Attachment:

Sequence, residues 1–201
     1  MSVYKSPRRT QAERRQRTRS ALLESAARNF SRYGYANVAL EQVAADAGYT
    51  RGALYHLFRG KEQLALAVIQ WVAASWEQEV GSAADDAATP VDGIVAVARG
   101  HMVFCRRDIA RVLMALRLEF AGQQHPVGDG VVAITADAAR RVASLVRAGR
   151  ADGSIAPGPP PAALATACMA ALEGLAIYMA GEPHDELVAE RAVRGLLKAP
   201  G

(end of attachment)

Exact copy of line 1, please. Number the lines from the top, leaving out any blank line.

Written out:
Sequence, residues 1–201